Research Projects 2020-2022

Identifying hot spots of sewage pollution in Hilo, Hawaiʻi

Co-INVESTIGATORS: Steven Colbert, Craig Nelson
Graduate Fellow: Shayla Waiki, Joseph Nakoa

A split image with the left showing a researcher adding dye to the top of a cesspool, and the right showing a natural rock-enclosed pool dyed green.
Steven Colbert adds dye to a cesspool (left) to see where it flows out in a seep (right).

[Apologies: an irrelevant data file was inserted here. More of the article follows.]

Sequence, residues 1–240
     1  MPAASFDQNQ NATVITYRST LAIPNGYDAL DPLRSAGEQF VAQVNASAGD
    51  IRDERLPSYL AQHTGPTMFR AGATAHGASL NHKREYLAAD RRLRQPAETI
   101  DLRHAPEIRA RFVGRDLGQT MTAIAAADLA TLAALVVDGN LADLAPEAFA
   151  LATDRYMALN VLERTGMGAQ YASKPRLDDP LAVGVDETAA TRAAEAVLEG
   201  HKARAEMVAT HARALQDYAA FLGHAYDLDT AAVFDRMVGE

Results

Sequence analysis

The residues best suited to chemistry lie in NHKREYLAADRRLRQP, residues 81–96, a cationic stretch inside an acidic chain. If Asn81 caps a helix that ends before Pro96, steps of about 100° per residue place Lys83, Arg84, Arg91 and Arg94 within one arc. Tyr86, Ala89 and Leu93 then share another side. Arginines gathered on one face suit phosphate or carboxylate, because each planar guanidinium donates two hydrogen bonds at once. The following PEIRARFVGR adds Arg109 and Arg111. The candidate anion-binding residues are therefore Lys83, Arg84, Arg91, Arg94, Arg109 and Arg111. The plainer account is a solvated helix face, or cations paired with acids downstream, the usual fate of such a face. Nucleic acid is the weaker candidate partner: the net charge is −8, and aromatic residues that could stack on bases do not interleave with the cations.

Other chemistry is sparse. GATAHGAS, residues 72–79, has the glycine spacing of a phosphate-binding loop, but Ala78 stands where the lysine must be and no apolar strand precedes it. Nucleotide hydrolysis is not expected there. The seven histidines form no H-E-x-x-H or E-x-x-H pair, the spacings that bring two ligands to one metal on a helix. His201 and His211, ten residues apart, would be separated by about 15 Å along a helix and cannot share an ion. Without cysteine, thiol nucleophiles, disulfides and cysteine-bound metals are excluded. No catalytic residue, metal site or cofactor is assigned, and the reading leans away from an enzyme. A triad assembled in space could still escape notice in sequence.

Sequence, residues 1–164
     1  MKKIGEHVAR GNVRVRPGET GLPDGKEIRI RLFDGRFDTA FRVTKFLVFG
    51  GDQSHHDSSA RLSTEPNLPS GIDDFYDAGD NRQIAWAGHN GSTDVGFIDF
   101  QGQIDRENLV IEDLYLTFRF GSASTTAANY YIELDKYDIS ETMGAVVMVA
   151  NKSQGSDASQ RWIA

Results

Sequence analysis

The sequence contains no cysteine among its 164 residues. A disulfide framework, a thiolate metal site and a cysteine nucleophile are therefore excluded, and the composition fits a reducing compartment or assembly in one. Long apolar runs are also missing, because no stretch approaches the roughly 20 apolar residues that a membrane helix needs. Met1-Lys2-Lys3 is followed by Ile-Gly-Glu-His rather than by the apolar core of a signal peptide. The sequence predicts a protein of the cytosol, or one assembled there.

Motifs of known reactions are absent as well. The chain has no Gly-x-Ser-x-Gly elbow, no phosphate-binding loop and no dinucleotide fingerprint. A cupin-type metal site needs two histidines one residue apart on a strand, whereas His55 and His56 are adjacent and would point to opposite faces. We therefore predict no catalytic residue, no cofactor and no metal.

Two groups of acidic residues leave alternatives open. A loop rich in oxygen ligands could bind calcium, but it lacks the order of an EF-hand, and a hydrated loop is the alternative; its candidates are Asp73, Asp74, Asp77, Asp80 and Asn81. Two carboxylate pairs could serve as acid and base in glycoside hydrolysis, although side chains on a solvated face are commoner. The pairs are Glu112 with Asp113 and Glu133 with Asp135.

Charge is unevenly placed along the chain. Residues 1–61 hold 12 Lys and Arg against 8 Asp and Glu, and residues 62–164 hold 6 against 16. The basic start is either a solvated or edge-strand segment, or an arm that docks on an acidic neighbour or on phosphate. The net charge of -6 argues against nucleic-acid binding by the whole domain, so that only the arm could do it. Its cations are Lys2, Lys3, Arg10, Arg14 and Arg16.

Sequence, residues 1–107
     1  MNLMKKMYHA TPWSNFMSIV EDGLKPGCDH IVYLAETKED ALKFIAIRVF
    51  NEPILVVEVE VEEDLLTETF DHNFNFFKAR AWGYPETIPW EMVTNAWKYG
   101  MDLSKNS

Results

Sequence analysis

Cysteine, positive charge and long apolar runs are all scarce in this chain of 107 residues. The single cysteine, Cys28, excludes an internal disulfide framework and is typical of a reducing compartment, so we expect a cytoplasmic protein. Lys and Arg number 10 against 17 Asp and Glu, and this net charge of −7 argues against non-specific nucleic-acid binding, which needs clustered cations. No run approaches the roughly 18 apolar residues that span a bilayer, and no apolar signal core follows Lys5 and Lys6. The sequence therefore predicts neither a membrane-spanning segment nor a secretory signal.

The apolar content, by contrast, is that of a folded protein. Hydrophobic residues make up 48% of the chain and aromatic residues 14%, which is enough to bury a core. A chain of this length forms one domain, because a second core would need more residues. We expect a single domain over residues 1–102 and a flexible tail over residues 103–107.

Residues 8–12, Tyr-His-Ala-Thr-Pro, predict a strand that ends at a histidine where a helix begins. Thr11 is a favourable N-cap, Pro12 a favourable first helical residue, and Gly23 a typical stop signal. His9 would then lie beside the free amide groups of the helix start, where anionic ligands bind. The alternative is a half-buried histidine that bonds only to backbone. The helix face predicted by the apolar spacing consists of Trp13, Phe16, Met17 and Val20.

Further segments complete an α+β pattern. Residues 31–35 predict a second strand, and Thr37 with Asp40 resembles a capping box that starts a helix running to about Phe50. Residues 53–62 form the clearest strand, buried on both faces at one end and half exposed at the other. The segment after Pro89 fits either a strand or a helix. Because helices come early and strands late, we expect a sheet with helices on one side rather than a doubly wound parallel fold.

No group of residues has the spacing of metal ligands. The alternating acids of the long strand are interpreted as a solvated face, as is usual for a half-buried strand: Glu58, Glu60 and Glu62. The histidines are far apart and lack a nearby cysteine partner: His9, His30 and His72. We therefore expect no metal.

With the majority of the world’s population living within coastal areas, sewage pollution is a growing global problem. In rural areas, like much of Hawai‘i State, untreated sewage from cesspools is a human and environmental health threat because it contains elevated and potentially hazardous levels of pathogens and chemicals. Cesspools are used more widely in Hawai‘i than any other state, and they are problematic because many homes are close to the water on highly permeable substrate. This means that sewage quickly contaminates groundwater, posing an immediate human health risk. Because of this, and ecological concerns regarding coral reefs, Hawai‘i State banned installment of new cesspools in 2015. One location identified as a priority area for cesspool upgrades as part of the state’s mandate to replace all cesspools by 2050 is Hilo. However, there is very little water quality data are available for this area with over 8,700 cesspools. There is also one Hilo community that is not only impacted by cesspools, but also houses Hilo’s sewage treatment plant (STP) and its outfall – Keaukaha. It is a predominantly Native Hawaiian coastal community with a fringing coral reef. A tremendous amount of groundwater also discharges along this coast, and it is likely that untreated sewage quickly reaches the shoreline. Hence, this project’s goal is to identify sewage hotspots along Hilo’s coastline, and conduct more detailed measurements in Keaukaha to be able to distinguish contributions of sewage from the STP and cesspools. The project’s objectives are to: 1) determine the connectivity between cesspool and adjacent coastal waters through dye tracer studies, 2) evaluate the presence of sewage in nearshore waters through measurements of well-established and novel sewage indicators in areas with cesspools and a STP outfall, and 3) determine if state water quality standards are exceeded in these waters with regards to nutrients and fecal indicator bacteria. Data from this project will inform the Hilo community’s and Hawai‘i County’s decision regarding cesspool replacement. Also, new molecular tools developed as part of this project may be employed elsewhere to distinguish sewage pollution contributions from cesspools and STPs. This type of information will allow for educated decisions regarding wastewater and coral reef management to be made.